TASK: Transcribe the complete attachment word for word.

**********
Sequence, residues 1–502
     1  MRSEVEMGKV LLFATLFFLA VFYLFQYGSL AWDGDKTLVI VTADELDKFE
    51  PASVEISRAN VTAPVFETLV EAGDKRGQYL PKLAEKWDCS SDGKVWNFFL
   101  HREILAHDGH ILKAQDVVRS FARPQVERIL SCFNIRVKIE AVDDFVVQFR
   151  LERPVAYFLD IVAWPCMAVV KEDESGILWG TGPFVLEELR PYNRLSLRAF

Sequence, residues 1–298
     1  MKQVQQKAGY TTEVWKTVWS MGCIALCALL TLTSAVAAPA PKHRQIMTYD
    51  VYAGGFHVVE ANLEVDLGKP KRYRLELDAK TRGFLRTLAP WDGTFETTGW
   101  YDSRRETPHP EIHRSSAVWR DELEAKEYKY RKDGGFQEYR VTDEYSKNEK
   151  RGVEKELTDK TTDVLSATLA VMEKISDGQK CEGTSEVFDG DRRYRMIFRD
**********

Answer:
Sequence, residues 1–502
     1  MRSEVEMGKV LLFATLFFLA VFYLFQYGSL AWDGDKTLVI VTADELDKFE
    51  PASVEISRAN VTAPVFETLV EAGDKRGQYL PKLAEKWDCS SDGKVWNFFL
   101  HREILAHDGH ILKAQDVVRS FARPQVERIL SCFNIRVKIE AVDDFVVQFR
   151  LERPVAYFLD IVAWPCMAVV KEDESGILWG TGPFVLEELR PYNRLSLRAF

Sequence, residues 1–298
     1  MKQVQQKAGY TTEVWKTVWS MGCIALCALL TLTSAVAAPA PKHRQIMTYD
    51  VYAGGFHVVE ANLEVDLGKP KRYRLELDAK TRGFLRTLAP WDGTFETTGW
   101  YDSRRETPHP EIHRSSAVWR DELEAKEYKY RKDGGFQEYR VTDEYSKNEK
   151  RGVEKELTDK TTDVLSATLA VMEKISDGQK CEGTSEVFDG DRRYRMIFRD